Original languageEnglish
Pages (from-to)4242-4251
JournalChemical Engineering Science
Volume61
Issue number13
DOIs
Publication statusPublished - 2006

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Carbonation
Leaching
Silicates
Carbon dioxide process
Nucleation
Temperature
Particle size
Calcium Carbonate
Carbonates
Calcium carbonate
Partial pressure
Reaction rates
calcium silicate
Dissolution
Economics
Liquids

Keywords

  • dioxide
  • disposal

Cite this

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title = "Mechanisms of aqueous wollastonite carbonation as a possible CO2 sequestration process",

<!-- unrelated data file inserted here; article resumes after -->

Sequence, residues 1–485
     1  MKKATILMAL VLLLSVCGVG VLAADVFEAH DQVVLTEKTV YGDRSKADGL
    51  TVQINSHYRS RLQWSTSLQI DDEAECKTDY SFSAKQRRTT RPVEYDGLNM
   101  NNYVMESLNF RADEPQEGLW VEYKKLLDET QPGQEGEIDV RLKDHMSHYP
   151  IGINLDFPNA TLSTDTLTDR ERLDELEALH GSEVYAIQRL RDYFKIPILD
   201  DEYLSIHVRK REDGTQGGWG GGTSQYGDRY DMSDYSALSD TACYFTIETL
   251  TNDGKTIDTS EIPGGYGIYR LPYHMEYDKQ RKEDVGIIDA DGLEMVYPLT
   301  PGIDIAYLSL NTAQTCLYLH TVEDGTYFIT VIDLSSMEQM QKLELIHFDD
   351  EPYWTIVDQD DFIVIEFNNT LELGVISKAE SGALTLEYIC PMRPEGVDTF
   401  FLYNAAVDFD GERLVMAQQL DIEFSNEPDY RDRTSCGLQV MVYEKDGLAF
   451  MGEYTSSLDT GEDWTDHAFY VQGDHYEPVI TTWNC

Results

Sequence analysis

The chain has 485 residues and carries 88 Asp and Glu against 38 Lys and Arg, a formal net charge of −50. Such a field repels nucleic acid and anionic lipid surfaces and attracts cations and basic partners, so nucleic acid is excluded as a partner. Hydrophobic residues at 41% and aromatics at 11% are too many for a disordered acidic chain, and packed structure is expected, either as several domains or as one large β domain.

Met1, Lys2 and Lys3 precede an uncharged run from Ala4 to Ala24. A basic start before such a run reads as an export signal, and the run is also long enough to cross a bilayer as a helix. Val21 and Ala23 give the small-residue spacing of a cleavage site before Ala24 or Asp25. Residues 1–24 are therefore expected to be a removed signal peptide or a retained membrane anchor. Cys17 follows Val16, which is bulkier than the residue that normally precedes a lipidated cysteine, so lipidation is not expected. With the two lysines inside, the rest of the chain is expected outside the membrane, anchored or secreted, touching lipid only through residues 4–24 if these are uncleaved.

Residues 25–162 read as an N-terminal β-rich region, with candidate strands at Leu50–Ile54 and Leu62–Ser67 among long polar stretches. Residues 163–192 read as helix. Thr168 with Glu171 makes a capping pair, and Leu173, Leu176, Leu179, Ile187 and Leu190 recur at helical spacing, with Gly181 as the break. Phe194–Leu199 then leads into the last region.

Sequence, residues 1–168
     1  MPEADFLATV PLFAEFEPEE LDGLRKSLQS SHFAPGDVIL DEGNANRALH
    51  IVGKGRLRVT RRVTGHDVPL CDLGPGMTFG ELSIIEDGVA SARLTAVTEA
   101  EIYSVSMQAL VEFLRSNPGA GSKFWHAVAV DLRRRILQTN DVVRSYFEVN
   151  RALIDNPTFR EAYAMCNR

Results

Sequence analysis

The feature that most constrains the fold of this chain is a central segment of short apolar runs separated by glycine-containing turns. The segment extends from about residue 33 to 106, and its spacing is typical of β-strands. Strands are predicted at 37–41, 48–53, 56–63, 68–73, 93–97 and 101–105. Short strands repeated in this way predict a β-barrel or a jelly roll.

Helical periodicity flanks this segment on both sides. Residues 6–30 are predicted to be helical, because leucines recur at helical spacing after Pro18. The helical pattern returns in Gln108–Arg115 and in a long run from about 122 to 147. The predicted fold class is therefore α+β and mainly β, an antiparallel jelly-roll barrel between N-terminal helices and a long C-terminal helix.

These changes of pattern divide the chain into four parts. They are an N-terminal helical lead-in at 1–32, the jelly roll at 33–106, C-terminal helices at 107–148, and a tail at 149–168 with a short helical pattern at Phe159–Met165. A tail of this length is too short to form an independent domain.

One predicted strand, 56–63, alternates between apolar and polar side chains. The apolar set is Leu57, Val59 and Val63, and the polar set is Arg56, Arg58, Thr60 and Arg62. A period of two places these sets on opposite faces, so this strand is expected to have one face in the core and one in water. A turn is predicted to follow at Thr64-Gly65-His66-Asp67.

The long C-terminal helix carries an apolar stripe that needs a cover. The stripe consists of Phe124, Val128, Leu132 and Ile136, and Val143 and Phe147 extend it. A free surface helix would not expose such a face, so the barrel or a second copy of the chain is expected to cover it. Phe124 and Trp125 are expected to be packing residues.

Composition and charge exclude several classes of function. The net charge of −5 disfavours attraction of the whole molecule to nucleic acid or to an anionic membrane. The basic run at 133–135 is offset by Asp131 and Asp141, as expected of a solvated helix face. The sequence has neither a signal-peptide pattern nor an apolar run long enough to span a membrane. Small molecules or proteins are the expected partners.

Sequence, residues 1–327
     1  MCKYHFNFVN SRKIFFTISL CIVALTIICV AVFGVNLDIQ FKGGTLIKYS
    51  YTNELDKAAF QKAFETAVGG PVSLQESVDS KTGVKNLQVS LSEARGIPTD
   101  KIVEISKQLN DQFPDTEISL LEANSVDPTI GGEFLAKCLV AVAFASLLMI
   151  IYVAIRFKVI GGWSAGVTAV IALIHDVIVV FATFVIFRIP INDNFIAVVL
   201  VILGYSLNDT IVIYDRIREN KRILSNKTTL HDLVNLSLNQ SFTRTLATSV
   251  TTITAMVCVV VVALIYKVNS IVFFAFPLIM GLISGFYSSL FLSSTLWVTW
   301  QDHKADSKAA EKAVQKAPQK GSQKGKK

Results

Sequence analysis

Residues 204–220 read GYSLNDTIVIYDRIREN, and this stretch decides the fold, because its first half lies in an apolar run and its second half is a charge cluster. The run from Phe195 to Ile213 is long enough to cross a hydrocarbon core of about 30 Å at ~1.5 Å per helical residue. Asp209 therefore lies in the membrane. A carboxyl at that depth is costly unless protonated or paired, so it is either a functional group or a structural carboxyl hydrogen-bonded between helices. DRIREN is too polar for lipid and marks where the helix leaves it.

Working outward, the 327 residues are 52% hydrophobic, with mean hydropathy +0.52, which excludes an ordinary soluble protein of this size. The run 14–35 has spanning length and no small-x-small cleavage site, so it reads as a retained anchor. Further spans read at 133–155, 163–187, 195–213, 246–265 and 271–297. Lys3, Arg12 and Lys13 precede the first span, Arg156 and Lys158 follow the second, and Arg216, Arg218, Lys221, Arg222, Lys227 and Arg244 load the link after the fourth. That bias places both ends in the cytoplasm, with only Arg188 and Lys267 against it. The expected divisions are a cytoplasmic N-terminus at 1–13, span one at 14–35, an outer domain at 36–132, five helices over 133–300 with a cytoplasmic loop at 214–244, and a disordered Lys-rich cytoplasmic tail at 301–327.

abstract = "The mechanisms of aqueous wollastonite carbonation as a possible carbon dioxide sequestration process were investigated experimentally by systematic variation of the reaction temperature, CO2 pressure, particle size, reaction time, liquid to solid ratio and agitation power. The carbonation reaction was observed to occur via the aqueous phase in two steps: (1) Ca leaching from the CaSiO3 matrix and (2) CaCO3 nucleation and growth. Leaching is hindered by a Ca-depleted silicate rim resulting from incongruent Ca-dissolution. Two temperature regimes were identified in the overall carbonation process. At temperatures below an optimum reaction temperature, the overall reaction rate is probably limited by the leaching rate of Ca. At higher temperatures, nucleation and growth of calcium carbonate are probably limiting the conversion, due to a reduced (bi)carbonate activity. The mechanisms for the aqueous carbonation of wollastonite were shown to be similar to those reported previously for an industrial residue and a Mg-silicate. The carbonation of wollastonite proceeds rapidly relative to Mg¿silicates, with a maximum conversion in 15 min of 70{\%} at , 20 bar CO2 partial pressure and particle size of . The obtained insight in the reaction mechanisms enables the energetic and economic assessment of CO2 sequestration by wollastonite carbonation, which forms an essential next step in its further development.",